Friday, Nov. 8, 2019 | 11:45 p.m.
Marijuana by any other name would provide the same high, but many people now prefer the term cannabis, citing a stigma surrounding marijuana as well as a reportedly racist — albeit perhaps little known — history.
Many dispensaries and related businesses have shifted to using the more cultured-sounding cannabis, and even state government in Nevada has followed suit. The Legislature passed a bill this year creating a Cannabis Compliance Board to regulate the industry and requiring governing language to use the term cannabis going forward.
Mitch Britten, founder and CEO of Thrive Cannabis Marketplace, said he saw the step toward the term cannabis as a way to destigmatize the plant.
“It almost started to feel like marijuana was almost like a derogatory term,” said Britten, whose company has stores in Las Vegas, North Las Vegas and Reno.
Britten said terminology is important and was something taken seriously when developing Thrive, even in deciding to brand the business as a marketplace. “I personally don’t like the term dispensary, so I thought, let’s take that step toward legitimacy one step further,” he said.
Riana Durrett, executive director of the Nevada Dispensary Association, said the move away from the term marijuana seems to be on the rise in places where the plant has been legalized. “I think a lot of people are trying to move toward the word cannabis,” she said.
The original use of the term marijuana by Nevada lawmakers was based on its usage in other legal environments, such as federal regulations, Durrett said.
Another argument against the term marijuana is that it has a reportedly anti-Hispanic history.
“Indeed, some claim that lawmakers originally adopted the foreign-sounding word ‘marijuana’ precisely because they wanted to underscore that it was a Latino, particularly Mexican ‘vice’ and thereby boost support among xenophobes for laws prohibiting the drug,” according to an Oct. 31 study by Vanderbilt University professors Robert Mikos and Cindy Kam.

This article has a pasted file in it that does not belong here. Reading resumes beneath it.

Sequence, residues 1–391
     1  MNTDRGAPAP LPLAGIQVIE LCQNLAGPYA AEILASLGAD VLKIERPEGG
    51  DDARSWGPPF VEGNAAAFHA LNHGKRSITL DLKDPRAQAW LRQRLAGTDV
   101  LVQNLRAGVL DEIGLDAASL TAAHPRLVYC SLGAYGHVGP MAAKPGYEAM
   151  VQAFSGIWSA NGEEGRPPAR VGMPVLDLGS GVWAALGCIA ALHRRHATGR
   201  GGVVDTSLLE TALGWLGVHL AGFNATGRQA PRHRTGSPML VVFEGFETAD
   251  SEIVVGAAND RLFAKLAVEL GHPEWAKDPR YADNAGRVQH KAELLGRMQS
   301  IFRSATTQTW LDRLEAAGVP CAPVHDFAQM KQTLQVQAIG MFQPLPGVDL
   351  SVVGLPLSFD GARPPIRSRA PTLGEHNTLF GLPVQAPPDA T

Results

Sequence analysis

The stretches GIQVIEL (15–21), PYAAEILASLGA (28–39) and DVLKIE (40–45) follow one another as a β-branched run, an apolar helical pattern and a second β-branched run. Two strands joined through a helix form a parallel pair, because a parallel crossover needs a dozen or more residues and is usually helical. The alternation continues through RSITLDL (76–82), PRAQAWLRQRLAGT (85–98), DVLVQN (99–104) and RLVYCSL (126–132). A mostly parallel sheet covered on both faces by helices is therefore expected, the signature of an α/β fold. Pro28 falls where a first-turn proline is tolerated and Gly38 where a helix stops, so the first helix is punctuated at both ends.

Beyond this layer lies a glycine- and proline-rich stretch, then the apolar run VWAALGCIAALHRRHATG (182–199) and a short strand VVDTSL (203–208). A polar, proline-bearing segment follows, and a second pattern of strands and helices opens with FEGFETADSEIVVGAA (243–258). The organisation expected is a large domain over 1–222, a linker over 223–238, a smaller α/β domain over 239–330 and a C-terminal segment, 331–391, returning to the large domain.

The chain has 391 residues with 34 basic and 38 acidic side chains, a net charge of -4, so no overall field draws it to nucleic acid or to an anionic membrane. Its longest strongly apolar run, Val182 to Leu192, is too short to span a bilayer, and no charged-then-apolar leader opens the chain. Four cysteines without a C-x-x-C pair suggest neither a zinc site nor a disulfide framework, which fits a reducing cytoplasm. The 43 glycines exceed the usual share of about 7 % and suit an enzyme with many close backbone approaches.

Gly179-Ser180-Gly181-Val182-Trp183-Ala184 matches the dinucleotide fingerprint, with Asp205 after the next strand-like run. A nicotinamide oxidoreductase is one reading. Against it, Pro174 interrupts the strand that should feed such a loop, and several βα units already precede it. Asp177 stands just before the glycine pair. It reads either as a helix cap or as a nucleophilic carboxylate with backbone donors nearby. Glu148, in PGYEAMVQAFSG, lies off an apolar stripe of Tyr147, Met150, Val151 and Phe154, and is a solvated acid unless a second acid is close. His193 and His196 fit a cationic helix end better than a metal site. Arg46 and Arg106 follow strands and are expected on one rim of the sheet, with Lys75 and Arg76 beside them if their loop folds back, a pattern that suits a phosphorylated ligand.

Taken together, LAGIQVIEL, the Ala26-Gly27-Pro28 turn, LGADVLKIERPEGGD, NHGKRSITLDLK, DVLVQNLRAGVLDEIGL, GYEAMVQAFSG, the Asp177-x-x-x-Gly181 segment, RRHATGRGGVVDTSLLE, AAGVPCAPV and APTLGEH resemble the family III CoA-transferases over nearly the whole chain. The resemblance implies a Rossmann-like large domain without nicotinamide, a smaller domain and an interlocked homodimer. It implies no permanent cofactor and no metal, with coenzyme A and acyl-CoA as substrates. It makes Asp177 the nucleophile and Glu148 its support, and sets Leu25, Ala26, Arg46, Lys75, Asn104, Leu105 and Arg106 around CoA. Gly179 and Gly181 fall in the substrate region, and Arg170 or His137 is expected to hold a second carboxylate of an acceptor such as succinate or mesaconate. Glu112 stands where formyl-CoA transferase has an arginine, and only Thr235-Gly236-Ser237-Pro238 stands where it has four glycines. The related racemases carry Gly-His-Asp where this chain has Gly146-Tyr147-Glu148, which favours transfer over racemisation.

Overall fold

Durrett noted that while the word might have been borne out of a troubling history, most people using it today are neither aware of that history nor using the word in a racist way. Its legal usage was also not meant to be offensive, she said.
“Nobody is using it to put down certain populations; that’s just the word for it,” she said.
In any case, the Vanderbilt study, which expected to find the term marijuana would have a more negative connotation in the public’s eye than cannabis, concluded there was no difference.
“Whether asked about legalization of the drug, the moral acceptability of its use, tolerance for activities involving the drug, the harmfulness of its use or the traits of its users ... respondents offered similar opinions whether we called the drug ‘marijuana’ or ‘cannabis,’” the study said.
Clark County Commissioner Tick Segerblom, a former state senator and leading advocate for legalizing recreational marijuana, said people should call it whatever they want. But marijuana has a more anti-establishment tone that fits the “sinful” reputation of Las Vegas, he said.
“I think it has a sex appeal,” Segerblom said. “It has a little bit of outlaw flavor.”